In this video, hidden cameras from the ABC Television show “What Would You Do?” capture people’s reactions to witnessing a white teenager trying to steal a bike versus a black teenager doing the exact same thing. The white teenage boy gets a pass; the black teenage boy does not. Racial bias is about whom we choose to give the benefit of the doubt to and whom we instinctively distrust and accuse. Oftentimes, it is the inner workings of the subconscious. A perfectly “good-hearted” non-racist can exhibit ugly racial bias.

My sister and her husband live in Belgium and France where people are famous for their tolerance and acceptance…except if you are a Congolese and want to rent an apartment in a nice part of Paris or Brussels. Over time, immigrants, typically Congolese and other Central Africans, have drawn attention for not being good tenants. As a result, white French and Belgian landlords, who attend Youssou N’dour and Habibe Koite concerts, protest against American imperialism, dote over Barack Obama, and exhibit every manner of progressive behavior known to man, will systematically deny African renters and select more “acceptable” white clients. Funny enough, my sister and her husband have had a negative experience renting their condo to a Congolese tenant. But they made a decision to not be biased. Instead they have chosen to implement better controls so that the same bad experience does not repeat itself, regardless if it is with a Congolese or a Czech or a Belgian. A racially biased white French landlord could choose to not be biased and instead be smart. A racist white French landlord could not because whatever negative experience they have with Congolese tenants is a confirmation and affirmation of their deep-held belief in the African’s racial inferiority.

So, what’s my point? People are complex and we gain nothing by describing each other with simple loaded words. Of course, if I am negatively impacted by the actions of a racially biased person, it will not matter to me one bit if I can rightly define that person as being racially biased as opposed to racist. The impact is the same. But, what categorization helps to do is open doors for dialogue.   I personally feel that dialogue is neither fruitful nor possible with a full-blown racist. I cannot engage with such a person. Period. However, if I can keep from instinctively labeling someone who is in the middle ground of the continuum as a racist, and rightly judge him or her, then there’s a chance for communication.

Apply this framework when thinking about an issue you hear about in the news, or the actions of your co-worker or boss, or the comments of in-laws, or the behavior of the restaurant manager last night. See if it helps you judge rightly. See if it helps you be more understanding without letting go of your principles. See if you can have some meaningful conversations and save yourself mental stress and frustration.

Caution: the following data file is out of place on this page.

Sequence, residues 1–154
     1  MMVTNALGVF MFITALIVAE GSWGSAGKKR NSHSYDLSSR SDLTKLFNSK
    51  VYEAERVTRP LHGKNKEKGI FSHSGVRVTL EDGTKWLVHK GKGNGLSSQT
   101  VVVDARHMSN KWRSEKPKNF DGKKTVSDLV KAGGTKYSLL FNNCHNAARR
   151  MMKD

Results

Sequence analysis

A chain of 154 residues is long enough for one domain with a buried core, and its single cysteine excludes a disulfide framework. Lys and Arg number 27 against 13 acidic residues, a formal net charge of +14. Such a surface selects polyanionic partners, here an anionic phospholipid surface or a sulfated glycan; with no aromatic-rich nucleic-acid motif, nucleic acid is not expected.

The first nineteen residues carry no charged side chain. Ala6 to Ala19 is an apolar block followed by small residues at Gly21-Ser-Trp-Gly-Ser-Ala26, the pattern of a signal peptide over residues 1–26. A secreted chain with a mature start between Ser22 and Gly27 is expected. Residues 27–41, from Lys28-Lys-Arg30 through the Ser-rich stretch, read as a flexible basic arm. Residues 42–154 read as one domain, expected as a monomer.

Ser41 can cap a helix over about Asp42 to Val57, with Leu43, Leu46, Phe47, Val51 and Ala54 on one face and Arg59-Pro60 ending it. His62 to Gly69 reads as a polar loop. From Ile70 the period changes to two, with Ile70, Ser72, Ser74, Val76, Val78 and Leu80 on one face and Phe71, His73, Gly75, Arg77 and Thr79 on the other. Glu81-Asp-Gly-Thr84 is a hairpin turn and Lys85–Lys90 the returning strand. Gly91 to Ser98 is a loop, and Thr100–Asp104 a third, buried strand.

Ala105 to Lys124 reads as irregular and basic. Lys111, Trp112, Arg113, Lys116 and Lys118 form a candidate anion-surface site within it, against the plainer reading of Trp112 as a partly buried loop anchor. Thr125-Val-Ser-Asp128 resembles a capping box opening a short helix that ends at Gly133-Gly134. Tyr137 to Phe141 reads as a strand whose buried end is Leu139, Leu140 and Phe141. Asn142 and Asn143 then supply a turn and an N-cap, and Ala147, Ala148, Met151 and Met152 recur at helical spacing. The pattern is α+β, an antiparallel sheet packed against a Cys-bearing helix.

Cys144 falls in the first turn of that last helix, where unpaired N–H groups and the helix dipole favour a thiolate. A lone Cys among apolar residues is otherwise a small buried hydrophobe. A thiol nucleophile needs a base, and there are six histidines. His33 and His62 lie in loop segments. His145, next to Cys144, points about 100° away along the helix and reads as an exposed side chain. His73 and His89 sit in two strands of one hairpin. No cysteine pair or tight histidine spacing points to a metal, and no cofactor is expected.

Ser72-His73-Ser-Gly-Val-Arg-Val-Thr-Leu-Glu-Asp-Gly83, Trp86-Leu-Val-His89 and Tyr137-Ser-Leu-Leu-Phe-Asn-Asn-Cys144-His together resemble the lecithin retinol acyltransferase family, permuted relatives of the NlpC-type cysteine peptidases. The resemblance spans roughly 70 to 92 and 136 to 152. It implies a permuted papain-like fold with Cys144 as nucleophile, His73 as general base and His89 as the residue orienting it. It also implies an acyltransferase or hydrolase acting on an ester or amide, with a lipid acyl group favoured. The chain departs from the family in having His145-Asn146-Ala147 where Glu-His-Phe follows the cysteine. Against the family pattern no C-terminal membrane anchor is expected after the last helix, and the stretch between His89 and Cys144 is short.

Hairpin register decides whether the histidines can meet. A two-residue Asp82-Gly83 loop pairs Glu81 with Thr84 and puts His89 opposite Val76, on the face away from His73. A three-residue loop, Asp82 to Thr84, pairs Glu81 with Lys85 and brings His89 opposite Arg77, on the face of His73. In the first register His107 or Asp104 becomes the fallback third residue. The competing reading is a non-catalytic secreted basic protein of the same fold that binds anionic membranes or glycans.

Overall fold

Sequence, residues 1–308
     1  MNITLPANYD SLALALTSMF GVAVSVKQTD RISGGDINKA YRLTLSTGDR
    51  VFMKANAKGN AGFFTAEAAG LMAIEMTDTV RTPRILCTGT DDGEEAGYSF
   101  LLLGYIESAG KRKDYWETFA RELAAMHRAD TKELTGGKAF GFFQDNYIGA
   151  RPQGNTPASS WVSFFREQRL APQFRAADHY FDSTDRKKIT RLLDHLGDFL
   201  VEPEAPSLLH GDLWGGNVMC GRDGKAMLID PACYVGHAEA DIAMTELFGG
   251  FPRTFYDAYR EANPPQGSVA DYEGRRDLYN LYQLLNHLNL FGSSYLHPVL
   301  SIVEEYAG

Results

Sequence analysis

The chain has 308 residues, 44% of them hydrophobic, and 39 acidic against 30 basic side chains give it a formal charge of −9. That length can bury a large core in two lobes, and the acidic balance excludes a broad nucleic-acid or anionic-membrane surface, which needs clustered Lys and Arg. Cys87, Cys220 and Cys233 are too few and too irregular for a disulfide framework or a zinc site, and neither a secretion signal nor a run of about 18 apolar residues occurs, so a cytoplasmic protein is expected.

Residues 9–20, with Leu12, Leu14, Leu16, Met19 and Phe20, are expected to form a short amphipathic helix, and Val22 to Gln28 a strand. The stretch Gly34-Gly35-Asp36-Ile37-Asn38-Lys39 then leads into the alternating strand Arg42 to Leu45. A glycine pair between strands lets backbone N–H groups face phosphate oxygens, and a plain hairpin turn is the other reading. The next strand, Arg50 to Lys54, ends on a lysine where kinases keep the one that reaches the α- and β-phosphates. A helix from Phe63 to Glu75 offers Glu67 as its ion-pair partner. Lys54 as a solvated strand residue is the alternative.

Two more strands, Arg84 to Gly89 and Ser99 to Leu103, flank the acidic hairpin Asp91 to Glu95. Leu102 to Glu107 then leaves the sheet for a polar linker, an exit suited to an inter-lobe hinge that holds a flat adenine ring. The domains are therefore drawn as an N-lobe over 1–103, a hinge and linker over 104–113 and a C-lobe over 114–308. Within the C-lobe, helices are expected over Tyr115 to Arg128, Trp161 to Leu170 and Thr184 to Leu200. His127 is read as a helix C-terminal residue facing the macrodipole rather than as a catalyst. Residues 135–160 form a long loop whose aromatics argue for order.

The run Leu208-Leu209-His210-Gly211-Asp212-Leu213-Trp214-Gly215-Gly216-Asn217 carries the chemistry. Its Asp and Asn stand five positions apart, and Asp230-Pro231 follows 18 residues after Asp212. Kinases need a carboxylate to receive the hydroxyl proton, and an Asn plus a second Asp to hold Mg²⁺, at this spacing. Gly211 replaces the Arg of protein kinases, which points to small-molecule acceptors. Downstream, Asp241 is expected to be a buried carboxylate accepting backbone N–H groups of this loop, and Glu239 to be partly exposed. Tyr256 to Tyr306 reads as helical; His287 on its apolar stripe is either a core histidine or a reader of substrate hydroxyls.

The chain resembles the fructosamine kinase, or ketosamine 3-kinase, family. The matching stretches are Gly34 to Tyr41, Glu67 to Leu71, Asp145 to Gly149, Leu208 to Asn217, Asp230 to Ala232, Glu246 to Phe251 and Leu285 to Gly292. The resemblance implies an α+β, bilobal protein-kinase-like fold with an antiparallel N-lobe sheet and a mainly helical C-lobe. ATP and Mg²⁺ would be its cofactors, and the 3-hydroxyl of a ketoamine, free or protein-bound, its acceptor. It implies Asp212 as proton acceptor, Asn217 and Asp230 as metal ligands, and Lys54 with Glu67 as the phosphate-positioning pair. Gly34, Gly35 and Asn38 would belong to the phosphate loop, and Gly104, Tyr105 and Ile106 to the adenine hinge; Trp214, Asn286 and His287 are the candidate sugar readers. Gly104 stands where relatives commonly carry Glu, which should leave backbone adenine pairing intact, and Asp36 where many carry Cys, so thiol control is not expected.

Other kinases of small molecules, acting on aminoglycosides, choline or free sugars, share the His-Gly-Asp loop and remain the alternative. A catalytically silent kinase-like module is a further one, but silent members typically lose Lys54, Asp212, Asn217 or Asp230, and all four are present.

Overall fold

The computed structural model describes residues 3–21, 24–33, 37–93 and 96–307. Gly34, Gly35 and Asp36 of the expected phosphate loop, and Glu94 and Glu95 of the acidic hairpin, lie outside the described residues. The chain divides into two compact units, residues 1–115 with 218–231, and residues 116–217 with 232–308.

black male

I look at this world through the lens of a black man. Defining racism according to this continuum is what helps me to not only cope, but also hopefully transcend the built-in bias against the American black male.

How Coca-Cola’s Controversial Super Bowl Ad Affected Me

When my family came to the US as refugees back in the late 1980’s, we were one of several families sponsored by a small Episcopalian church in Durham, North Carolina.  In hindsight, it is quite remarkable that that small church with about 50 members was able to support multiple families like ours.  They provided places to live, cars for families to commute to and from work, assistance with enrollment of government programs like food stamps, and many other refugee relocation services, all through the efforts of the members of the church.

After we were settled and my siblings and I were enrolled in our respective schools and we all began to get acclimated to the culture, a family “controversy” erupted.  There were different opinions regarding whether or not we should continue to attend the Episcopal church on Sundays…the same church that sponsored us.  We were brought up in the Ethiopian Orthodox Christian tradition and the Episcopal tradition was new to us.  Those in the family who were proposing NOT continuing attendance made their argument by pointing to examples of other refugee families who were sponsored like we were but had long ago stopped attending the church.